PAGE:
Bee Image Classification using a CNN to determine presence of Varroa mites
Bee Classifier mobile web application (it may take a moment to spin up)
Honey bees contribute nearly $20 billion to the value of U.S. crop production. Meanwhile, beekeepers continue to lose up to 45 percent of their hives annually. Among the myriad of threats to their hives, beekeepers must continually monitor for the varroa pest. The Varroa (pronounced "vr-ow-uh") destructor, or more commonly the varroa mite, is a natural predator to honey bees and is one of the biggest pests plaguing the bee keeping community. The sooner a keeper can begin treating for varroa, the less likely a colony collapse will occur. Early detection could mean the difference between a healthy hive and a dead one.
With the dataset from the Honey Bee Annotated Image Dataset found on Kaggle, we will train a Convolutional Neural Network (CNN) to classify bee images as having varroa mites or not (binary classification). Such a model could serve as a practical early detection system for beekeepers. We will use accuracy to select our best model.
We used the dataset from the Honey Bee Annotated Image Dataset to train a CNN using various model compositions - including 1) unaltered image data, 2) rotating and mirroring the data, and 3) rotating + mirroring as well as altering image brightness. Transforming image data has been known to help make a more robust CNN.
Overall, we faced a number of challenges attempting to address this problem. We had a dataset with a relatively small sample size, having less than 4,500 images. Well established norms in image classification suggests having tens of thousands of observations in order to have confidence in a trained model. Another confounding factor came from the source of our target variable; all of the images of varroa bees came from the same location, and likely the same beekeeper, which inherently factored bias into our model.
Other issues arose from the images themselves. Almost every image had a unique width and height, which forced us to rescale and standardize each image. This invariably lead to some loss of data quality. Lastly, after looking at many of these images directly, it was clear many did not clearly depict a complete bee. For example, some images simply featured a shadow, while others featured only parts of bees. Many others were found to be too blurry to be human readable. Taking these factors into perspective, it was difficult to discern if the model would perform well on new real-world images.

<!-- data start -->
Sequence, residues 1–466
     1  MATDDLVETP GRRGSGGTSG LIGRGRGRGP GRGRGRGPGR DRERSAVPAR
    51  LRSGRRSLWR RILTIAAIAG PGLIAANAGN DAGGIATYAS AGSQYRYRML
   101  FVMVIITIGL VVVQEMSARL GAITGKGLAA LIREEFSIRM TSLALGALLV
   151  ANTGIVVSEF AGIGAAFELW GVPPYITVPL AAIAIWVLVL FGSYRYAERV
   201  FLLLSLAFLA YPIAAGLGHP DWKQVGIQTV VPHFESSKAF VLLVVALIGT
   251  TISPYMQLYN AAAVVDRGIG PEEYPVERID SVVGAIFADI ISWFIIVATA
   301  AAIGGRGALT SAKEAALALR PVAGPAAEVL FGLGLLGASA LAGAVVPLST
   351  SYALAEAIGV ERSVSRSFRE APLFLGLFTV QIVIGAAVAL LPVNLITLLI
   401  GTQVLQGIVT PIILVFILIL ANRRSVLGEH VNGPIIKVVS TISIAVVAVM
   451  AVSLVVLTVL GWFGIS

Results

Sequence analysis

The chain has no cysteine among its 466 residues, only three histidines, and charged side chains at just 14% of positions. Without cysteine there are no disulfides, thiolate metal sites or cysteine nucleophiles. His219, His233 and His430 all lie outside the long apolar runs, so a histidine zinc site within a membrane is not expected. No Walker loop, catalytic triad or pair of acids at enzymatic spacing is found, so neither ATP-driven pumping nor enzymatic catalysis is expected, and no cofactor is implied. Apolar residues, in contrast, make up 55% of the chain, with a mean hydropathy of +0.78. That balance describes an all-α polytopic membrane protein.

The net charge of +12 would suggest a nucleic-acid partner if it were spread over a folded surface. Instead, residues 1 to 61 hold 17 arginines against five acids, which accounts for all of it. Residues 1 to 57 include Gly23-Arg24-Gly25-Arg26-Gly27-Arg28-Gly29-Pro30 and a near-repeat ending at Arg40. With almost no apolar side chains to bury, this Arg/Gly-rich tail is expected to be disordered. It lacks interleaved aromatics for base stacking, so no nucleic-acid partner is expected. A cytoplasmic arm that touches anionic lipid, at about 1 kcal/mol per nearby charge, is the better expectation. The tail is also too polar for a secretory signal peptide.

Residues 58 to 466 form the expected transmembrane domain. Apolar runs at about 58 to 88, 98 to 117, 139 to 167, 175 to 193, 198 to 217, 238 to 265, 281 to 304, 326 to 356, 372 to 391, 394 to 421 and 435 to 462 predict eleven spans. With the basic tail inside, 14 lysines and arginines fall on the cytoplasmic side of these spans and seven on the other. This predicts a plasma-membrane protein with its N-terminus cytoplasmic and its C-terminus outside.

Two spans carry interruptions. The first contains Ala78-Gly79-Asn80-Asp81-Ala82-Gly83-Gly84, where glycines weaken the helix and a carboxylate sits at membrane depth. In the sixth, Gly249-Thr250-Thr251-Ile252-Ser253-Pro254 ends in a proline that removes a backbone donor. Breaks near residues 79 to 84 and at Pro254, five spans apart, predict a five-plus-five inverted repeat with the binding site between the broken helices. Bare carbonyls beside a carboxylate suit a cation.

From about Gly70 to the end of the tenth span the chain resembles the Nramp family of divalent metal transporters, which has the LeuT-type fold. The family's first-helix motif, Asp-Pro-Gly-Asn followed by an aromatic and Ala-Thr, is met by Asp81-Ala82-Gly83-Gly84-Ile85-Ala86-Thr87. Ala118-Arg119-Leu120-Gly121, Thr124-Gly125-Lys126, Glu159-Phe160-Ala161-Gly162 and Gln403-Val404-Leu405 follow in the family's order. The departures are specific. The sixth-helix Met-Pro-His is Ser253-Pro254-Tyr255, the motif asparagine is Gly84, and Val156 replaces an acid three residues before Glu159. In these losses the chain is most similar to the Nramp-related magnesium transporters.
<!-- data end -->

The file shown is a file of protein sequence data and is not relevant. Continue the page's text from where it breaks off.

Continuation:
There were some interesting trends that came to light. One clearly important aspect of the images turned out to be the background color. Even in our best model, we found images with a background similar in color to the bee proved difficult for the model to properly classify. When looking at convolutional layers, we found the background pixels were a significant factor forming the network's classification output.
Lastly, as a way of connecting our findings to a practical application, we created a Bee Classifier mobel web appliction. Beekeepers can use this application from their desktops or mobile devices at their convenience. This "proof of concept" is the direct manifestation of our best CNN in action, and could be used to further validate and test the model using real world data.
We were able to successfully train a CNN to perform better than the baseline model of 76.3% accuracy. In all, our best performing model was the Brightness Transformation Model at 98.9% training accuracy and 99.5% testing accuracy. This model featured a high overall accuracy with a few reasonable missclassifications. The convolutional layers also show evidence the model is using varroa detection to inform image classification, giving us confidence the model would perform well in the field. There is a caveat with using this model, however - for best results, images should have backgrounds that contrast well with the bee.
This model was built using a number of assumptions, which we should remain mindful of. First and foremost, we used a dataset with a substantially small sample size. This CNN was trained using 3/4ths of the total 4,400 images - a paultry number considering most image classifiers are trained with tens or even hundreds of thousands of images in order to gain confidence in the model. Additionally, only a single location, and likely only a single beekeeper, was responsible for our observations of interest, bees with varroa mite, which unavoidably introduces bias into our model.
Lastly, the images were inconsistent for a number of reasons. We had to rescale almost every image to a standard size of 54x50, which inevitably reduced data quality. There were also a number of images which we found to be too blurry or out of focus for human comprehension. Training the model with these garbled images could have hampered the model's accuracy.
We would recommend revisiting this problem with a more robust 20k+ observation dataset of annotated bee images with each image having the same height and width.
Additionally, we created a Bee Classifier mobile web application using the Brightness Transformation model, which users can use to classify images of a single bee. Such an application could be used to validate and test this model in a production-like setting.
Lastly, it's important to think practically about the problem at hand. It's impractical to expect beekeepers to painstakingly photograph individual bees and feed those images into our model. It's much more intuitive to take a single photo of a group of bees and use that instead. Therefore, a more realistic solution to the problem would be 2-fold:
- First, a CNN could be trained to recognize and crop individual bee images out of a large single image, provided by the beekeeper
- Then, those individual images are fed into another CNN, like the one we modeled. The images are classified and the beekeeper is given the percentage of bees found to have varroa mite.